4. PROPRIETARY PRODUCTS/TECHNOLOGY – This is the area where the valuation rules do not necessarily apply.  Strategic acquirers buy other companies to grow.  If they believe that a new technology can be acquired and integrated with their superior distribution channel, they may value your company on a post acquisition performance basis.  The marketplace rewards effective innovation.  On the flip side, however, the market yawns at “me too” commodity type products or services.  That business is vulnerable to competition, especially after the owner leaves.  Continue to look for ways to innovate in what ever industry you are in.  Your innovation should not be limited to product improvements.  The marketplace values innovations in distribution systems, collaborative product design process, customer service and other functional areas that can provide a competitive advantage.  If you create a technology advantage in your company, think what that could mean to a much larger company.
  5. PENETRATION OF BARRIERS TO ENTRY – A wise buyer told me once, “I want to own companies where I have an edge.” He happened to be a buyer of Waste Facilities.  All the regulations and approvals required tend to limit competition.  In its simplest form, a large restaurant chain buys a small family owned restaurant to acquire a grand fathered liquor license.  Owning hard to get permits, zoning, licenses, or regulatory approvals can be worth a great deal to the right buyer. Your company may be able to secure approvals on the local level that a national player may have difficulty obtaining.  Selling your product or service to the government can be quite lucrative, but the government market is extremely difficult to penetrate.  If your product or service applies and you can break through the barriers, you become a more attractive acquisition candidate.  The same holds true of a local marquee account that would be desirable for a larger supplier to crack.  One strategy for penetrating these accounts is to ask the buyer to identify the best salesman that calls on him.  Go hire that salesman to sell your product to that account.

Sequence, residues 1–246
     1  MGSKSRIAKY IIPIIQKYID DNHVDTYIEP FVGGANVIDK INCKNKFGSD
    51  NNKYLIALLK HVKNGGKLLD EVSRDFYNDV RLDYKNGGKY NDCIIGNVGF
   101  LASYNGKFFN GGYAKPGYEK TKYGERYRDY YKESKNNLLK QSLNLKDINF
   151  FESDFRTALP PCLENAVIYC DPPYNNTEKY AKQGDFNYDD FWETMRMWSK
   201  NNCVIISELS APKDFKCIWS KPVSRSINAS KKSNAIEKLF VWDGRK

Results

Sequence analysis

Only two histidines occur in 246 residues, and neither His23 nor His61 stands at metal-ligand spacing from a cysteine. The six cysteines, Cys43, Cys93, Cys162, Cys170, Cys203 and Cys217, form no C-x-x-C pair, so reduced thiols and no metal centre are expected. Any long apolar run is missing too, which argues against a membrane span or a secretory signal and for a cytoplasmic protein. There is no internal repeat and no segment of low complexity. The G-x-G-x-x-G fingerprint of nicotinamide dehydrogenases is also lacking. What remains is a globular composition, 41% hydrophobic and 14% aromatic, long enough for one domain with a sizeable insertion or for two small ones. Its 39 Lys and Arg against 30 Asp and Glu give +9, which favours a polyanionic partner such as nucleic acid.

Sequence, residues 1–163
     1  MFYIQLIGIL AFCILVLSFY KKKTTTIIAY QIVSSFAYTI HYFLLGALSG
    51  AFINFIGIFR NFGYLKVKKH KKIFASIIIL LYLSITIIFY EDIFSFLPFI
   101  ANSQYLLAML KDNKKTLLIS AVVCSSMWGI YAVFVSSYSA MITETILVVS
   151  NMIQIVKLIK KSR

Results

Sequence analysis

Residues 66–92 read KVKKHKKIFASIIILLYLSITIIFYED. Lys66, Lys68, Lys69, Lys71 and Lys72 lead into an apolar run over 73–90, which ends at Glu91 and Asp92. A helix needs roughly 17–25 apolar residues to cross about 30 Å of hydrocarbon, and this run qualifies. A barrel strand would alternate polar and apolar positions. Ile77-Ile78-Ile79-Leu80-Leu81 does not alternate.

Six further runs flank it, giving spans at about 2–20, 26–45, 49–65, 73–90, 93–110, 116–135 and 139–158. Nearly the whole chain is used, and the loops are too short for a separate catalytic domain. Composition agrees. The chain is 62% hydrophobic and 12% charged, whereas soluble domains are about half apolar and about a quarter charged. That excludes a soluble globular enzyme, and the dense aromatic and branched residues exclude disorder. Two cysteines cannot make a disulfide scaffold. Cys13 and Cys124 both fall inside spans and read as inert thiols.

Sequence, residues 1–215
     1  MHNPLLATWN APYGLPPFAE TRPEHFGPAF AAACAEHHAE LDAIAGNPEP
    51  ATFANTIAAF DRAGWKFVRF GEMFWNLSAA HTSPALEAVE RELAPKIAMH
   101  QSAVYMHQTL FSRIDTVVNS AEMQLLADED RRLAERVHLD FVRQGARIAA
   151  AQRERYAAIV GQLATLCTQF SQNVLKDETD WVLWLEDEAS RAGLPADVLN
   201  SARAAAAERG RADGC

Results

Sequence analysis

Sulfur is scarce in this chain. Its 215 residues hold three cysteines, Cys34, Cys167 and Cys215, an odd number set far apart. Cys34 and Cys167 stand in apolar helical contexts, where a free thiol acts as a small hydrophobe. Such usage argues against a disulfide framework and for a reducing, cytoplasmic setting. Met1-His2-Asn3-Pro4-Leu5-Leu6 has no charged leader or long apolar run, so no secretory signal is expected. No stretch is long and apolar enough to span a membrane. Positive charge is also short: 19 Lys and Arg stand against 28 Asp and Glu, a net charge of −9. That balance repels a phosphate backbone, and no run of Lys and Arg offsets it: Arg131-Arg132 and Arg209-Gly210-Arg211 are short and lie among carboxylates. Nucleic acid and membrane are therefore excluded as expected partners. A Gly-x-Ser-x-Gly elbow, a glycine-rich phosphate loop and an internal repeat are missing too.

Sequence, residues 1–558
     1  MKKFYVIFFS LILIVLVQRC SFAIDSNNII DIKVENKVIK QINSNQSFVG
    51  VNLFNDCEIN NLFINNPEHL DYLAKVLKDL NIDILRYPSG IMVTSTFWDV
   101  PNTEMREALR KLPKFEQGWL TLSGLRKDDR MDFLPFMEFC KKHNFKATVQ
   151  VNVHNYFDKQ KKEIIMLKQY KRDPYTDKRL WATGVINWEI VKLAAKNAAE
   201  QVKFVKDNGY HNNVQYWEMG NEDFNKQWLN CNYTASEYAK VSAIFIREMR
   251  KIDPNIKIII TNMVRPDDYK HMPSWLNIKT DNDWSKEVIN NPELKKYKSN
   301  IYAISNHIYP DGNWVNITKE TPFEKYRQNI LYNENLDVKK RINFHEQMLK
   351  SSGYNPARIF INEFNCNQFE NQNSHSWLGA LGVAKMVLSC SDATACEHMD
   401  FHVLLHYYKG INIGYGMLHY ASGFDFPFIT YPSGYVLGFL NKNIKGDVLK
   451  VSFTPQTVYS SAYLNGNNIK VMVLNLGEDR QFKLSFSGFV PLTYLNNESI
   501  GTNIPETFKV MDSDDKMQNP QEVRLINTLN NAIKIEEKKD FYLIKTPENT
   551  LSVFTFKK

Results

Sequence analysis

6. EFFECTIVE USE OF PROFESSIONALS – Reviewed or audited financials by a reputable CPA firm are quite valuable in the eyes of a buyer.  Professional financials cast a positive halo on your approach to controlling your business while at the same time reduce the buyer’s perception of risk.  Bring a good outside attorney into the mix, and the risk drops even more.  The thought process is that this attorney has been giving his client good advice for years on protecting the company from litigation.  A strong professional team is a great asset in growing your business and in helping you obtain maximum value when you exit.MAXIMIZE YOUR SELLING PRICE
  7. PRODUCT/SALES PIPELINE – Large pharmaceutical companies are well known for buying smaller pharmaceutical companies that have a robust product pipeline for very generous prices.  Smaller companies often are more agile and have better R&D efficiency than their high overhead big brothers.  In technology, time to market is critical and big companies are constantly evaluating the build versus buy question.  Small companies that develop a hot new technology are faced with the decision of developing distribution internally or selling to a larger company with developed channels.  A win/win scenario is to sell out at a price, in cash and stock at closing, that rewards the smaller company for what they have today, plus an earn out component tied to product revenues with the new company.  The same earn out philosophy can be employed for a selling company that has a large sales pipeline.  The acquirer is not anxious to pay for that pipeline at closing and the seller wants to delay his company’s sale until the next big deal.  An intelligently structured sales contract with a contingent payment based on closing accounts in the pipeline is a great solution.